• if $m \geq q$, then let $M$ be the largest multiple of $q$ which is smaller than $m$. If $n$ is in $[0, M[$, then we return $n \text{ mod } q$ as the result: this is uniform. Otherwise, the remainder $n - M$ is uniform in the range $[0, m - M[$, so we recurse with $n := n - M$ and $q := q - M$.

In pseudocode, reformulating the second point to substract $q$ multiple times instead of finding $M$, we get the following very simple algorithm:

int algo(int n, int m) {
// invariant: n is uniform in the range [0, m[
if (m < q)
return algo(p*n + randint(p), m * p);
if (n < q)
return n;
return algo(n-q, m-q);
}

algo(0, 1);


Optimality. This algorithm is, I think, optimal. To see why, let me reformulate it in terms of decision trees. What the algorithm does is, at every level, if we have at least $q$ leaves then turn into leaves the largest multiple of $q$ that you can, and grow the other nodes; otherwise just grow all nodes. (This makes it clear that the scheme is uniform, because the labels in $[0, q[$ on the tree are used in exactly the same way.)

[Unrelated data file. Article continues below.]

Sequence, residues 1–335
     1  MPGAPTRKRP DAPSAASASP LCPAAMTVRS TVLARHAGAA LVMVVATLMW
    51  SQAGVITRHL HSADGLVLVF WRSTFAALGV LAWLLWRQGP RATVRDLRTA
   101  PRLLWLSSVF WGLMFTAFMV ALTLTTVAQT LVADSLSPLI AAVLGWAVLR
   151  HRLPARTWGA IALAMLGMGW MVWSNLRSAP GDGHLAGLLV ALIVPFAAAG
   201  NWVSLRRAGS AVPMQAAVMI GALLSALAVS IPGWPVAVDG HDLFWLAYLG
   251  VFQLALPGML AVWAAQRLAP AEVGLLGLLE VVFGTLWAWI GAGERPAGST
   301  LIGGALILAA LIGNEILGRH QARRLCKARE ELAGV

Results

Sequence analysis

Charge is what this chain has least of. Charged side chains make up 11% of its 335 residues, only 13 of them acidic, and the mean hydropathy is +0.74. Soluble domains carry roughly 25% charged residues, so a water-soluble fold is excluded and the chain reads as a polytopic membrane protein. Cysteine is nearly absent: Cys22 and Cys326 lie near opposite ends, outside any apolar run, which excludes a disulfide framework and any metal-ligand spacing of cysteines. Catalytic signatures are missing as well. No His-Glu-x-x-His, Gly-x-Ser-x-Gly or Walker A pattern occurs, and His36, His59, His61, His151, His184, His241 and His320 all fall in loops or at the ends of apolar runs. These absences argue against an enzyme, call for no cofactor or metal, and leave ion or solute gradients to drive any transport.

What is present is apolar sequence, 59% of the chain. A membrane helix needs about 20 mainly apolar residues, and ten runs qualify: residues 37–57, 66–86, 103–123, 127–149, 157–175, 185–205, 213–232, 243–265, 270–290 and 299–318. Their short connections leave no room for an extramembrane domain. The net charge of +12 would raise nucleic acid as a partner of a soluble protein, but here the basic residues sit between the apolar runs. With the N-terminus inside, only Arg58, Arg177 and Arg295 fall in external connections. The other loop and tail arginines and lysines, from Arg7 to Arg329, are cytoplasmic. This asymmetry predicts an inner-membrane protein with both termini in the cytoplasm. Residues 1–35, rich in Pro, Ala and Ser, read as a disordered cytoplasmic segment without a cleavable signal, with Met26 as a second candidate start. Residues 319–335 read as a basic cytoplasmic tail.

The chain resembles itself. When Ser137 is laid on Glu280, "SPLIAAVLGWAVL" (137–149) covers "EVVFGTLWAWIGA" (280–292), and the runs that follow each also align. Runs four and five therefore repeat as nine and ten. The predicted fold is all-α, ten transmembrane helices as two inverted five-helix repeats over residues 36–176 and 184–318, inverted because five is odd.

Let us consider the (generally infinite) tree $T$ obtained by such a scheme, and consider a hypothetical tree $T'$ which denotes a uniform strategy with a better expected score.

It is clear that the performance of the tree depends only on the number of internal nodes at every depth. In other words, if I can show that, at every level, the number of internal nodes of $T'$ is at least that of $T$, then $T'$ cannot be better than $T$.